Questions and Answers About Sevillian Culture

Amanda Sharon is a student at Saint Anselm College and an ISA Featured Blogger. Amanda will be studying abroad with ISA in Sevilla, Spain.

Sharon group pic
My friends and I in Plaza de España!

No one ever said that living in a foreign country would be easy. There is a lot to adjust to — new food, new people, new school and a new way of life. In this post, I answer some questions I first had in Sevilla and the answers I’ve discovered along the way!

Am I in the bike path?

Sharon Bike path
Bike Path

If you are, MOVE! Cyclists in Sevilla stop for nothing! There are markers along roads and next to sidewalks indicating a path specifically for bikes. If you are questioning why bicyclists are ringing their bells at you, look around, and if you see these markers, you’re most likely in a bike lane!

Sharon Bike Marker
Bike Path Marker

When are we going to eat dinner?

Sharon food7
Traditional Spanish Salad

Dinner in Spain is not served until 9:30-10:00pm at the earliest each night. Since lunch is actually the biggest meal of the day (served between 2:00-3:00pm), dinner is typically much smaller. This is particularly challenging to adjust to since it is the opposite of the U.S. If you are really having a difficult time, stop by the nearest supermercado and pick up some snacks to get you through until dinner. I have been here two weeks now, and I am finally getting used to the meal times!

Is this a road or a walkway?

Sharon Street in Triana
Street in Triana

If you find yourself asking this question, it’s probably both! You might think a small cobblestone street, where everyone is walking in the middle of the road, is just for pedestrians. Think again! Little cars and mopeds fit down these little streets. Just be aware of this and try to stay to the side of the road.

When are they going to bring the check?

Sharon Dinner in Madrid
Our first night out in Spain, waiting for the check!!

When dining out, the check is only going to be brought to you when you ask for it. In the U.S. we are used to servers bringing the check over when we are finished eating (sometimes even before), but restaurants here are more laid back. A waiter in Spain won’t usually bring you the check until you ask for it! We made this mistake our first night in Madrid before we realized someone should go ask the waiter!

How far of a walk is it??!

Sharon Bridge Linking Triana and El Centro
Bridge Linking Triana to El Centro

Your first week in Sevilla, you might find yourself asking this a lot. People in larger cities in Spain walk everywhere, especially in Sevilla! It takes about 30 minutes for me to walk from my homestay to school. At first, I thought that I would never get used to all the walking, but now it is second nature. A long walk in the morning to class is a great way to wake up and start your day! (Plus all that exercise will make you feel less guilty about splurging on some gelato!) Above is a picture of the bridge I cross everyday on my way to class. It’s beautiful!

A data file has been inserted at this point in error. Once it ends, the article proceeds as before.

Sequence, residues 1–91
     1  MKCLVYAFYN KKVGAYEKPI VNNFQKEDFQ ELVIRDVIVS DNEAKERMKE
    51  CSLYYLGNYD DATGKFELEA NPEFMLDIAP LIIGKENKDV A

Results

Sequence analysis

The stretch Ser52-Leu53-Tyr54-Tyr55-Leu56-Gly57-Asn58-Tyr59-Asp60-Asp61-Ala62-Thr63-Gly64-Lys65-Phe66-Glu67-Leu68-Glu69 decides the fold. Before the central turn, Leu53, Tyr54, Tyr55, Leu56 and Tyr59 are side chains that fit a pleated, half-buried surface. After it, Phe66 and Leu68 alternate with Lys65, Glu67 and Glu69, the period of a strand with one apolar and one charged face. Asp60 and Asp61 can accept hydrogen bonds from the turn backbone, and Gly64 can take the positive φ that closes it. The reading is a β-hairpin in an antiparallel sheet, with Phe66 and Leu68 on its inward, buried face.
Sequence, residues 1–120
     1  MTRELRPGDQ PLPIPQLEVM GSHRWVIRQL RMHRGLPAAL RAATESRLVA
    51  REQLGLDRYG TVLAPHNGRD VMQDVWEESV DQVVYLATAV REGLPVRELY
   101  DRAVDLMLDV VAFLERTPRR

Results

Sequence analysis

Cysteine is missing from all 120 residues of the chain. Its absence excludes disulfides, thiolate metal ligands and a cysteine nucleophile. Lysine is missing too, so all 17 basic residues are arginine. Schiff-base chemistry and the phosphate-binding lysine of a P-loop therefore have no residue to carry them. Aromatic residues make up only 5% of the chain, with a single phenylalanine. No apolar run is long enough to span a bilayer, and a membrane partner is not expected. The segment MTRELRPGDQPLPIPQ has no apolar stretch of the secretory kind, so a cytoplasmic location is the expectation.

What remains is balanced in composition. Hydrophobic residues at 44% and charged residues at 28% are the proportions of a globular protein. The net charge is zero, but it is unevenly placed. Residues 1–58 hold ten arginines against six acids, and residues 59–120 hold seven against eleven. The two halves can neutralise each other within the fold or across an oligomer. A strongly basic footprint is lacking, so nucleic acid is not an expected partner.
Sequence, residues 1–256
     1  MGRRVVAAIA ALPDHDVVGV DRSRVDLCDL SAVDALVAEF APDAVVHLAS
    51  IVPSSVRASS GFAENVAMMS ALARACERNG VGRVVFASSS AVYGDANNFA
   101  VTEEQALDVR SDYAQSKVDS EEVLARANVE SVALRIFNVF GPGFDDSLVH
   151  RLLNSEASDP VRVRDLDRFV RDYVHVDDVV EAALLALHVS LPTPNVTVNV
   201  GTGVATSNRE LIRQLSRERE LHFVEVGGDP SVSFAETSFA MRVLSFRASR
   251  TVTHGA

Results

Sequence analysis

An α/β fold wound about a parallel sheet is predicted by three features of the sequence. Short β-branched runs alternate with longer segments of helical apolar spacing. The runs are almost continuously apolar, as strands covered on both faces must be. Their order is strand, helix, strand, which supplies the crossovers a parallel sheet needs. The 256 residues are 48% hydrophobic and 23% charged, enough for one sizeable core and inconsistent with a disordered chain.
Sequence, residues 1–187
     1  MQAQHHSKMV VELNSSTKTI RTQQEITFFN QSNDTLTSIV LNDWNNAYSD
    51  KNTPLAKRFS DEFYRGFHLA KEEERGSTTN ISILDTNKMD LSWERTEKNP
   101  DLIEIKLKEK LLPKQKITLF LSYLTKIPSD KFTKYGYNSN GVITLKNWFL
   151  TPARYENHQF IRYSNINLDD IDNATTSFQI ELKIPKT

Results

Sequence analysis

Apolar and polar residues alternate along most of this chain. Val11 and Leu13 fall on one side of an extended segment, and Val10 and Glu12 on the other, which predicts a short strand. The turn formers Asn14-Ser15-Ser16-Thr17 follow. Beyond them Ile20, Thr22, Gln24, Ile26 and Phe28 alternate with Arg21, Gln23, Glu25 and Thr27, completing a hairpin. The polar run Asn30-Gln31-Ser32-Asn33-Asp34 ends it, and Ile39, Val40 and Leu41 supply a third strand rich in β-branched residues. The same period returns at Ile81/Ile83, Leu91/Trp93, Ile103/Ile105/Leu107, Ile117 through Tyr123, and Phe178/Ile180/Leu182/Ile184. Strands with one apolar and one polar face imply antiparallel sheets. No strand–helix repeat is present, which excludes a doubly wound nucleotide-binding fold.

What is hanging from the ceiling?

Sharon Jamon
Jamón (Spanish Ham)

Living in Spain you notice a lot of jamón, or ham,  hanging from the ceiling of restaurants, tapas bars and grocery stores. There’s really no explanation for this except that Spanish people eat a lot of ham. And you should too when you’re here; it’s delicious!

Why does everyone walk so slowly? 

Sharon River
When you slow down, you have more time to enjoy the beautiful sights, like the Guadalquivir River!

People in Sevilla never really seem to be in a huge rush. They are really strolling rather than walking. At first, I was always passing people on the streets, but now I’ve come to like moving at a slower pace. You are able to take more in and enjoy the sights and people. If you’re in Spain, my suggestion is to try to slow down (unless you’re late for class) and really embrace the laid-back atmosphere.

What is everyone saying to me?

People in Sevilla, and the south of Spain in general, have different accents. They leave off the end of words and letters, and sometimes don’t even speak in full sentences but with one or two phrases or words. My friends and I are just starting to get used to it!

Most people in Spain also speak with (what sounds like) a lisp, but isn’t really. What do I mean by this? Try saying “Barcelona” out loud. Now say it like the Spanish do — “Bar-thay-lona”. Or “Plaza Nueva.” now say “Platha Nueva.” It is certainly a challenge! My most common phrases in Spanish are “Qué?” (What?) or “No entiendo” (I don’t understand). Lucky for me, Sevillians are very patient and kind! Don’t get frustrated if you don’t understand right away; it takes time for your ears to adjust. And soon enough it will sound more natural to you!

It is normal for a person to have a lot of questions when they visit/live in a new country. These were just a few of the many I first had when arriving in Spain. Now that I have been here for two weeks, I believe that half the fun is learning, laughing and adjusting to a new way of life! It’s good to embrace this cultural change.

2 thoughts

  1. Wow. This really reminds me of my first week studying abroad in Granada. The Andalusian accent is very hard to pick up initially. My host mom have me a few tips, and then it became a lot easier. I also remember having to snack in between lunch and dinner at first. Take advantage of everything while studying abroad. It’s a once in a lifetime opportunity!

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